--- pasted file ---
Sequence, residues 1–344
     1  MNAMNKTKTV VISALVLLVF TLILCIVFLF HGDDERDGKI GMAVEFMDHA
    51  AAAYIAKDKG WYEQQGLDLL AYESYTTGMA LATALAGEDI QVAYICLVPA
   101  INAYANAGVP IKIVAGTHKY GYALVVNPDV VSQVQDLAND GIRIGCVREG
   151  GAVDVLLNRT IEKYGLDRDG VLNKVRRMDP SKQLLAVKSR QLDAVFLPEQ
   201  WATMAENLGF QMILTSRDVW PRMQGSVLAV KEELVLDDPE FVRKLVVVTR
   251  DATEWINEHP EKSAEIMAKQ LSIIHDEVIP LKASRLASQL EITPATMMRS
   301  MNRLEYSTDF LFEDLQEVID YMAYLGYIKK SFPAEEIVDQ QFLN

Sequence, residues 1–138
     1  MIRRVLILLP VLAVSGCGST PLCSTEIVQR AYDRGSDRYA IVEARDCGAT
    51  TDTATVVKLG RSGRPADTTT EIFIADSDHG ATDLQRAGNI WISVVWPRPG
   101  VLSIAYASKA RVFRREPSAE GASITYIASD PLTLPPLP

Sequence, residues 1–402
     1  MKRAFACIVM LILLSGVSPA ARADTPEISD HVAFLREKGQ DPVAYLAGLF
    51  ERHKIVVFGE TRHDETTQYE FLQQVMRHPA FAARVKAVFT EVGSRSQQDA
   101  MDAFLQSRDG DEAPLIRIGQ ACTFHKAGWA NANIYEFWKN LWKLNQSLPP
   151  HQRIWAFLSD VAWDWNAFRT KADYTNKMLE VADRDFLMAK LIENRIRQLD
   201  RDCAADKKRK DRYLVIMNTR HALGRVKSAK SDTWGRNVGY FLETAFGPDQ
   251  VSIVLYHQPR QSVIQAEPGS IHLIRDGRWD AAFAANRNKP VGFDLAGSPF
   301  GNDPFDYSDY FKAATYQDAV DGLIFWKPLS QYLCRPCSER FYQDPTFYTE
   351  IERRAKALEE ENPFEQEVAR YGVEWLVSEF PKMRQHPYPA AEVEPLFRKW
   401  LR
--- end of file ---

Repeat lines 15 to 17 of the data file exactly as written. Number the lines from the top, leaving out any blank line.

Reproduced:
    51  ERHKIVVFGE TRHDETTQYE FLQQVMRHPA FAARVKAVFT EVGSRSQQDA
   101  MDAFLQSRDG DEAPLIRIGQ ACTFHKAGWA NANIYEFWKN LWKLNQSLPP
   151  HQRIWAFLSD VAWDWNAFRT KADYTNKMLE VADRDFLMAK LIENRIRQLD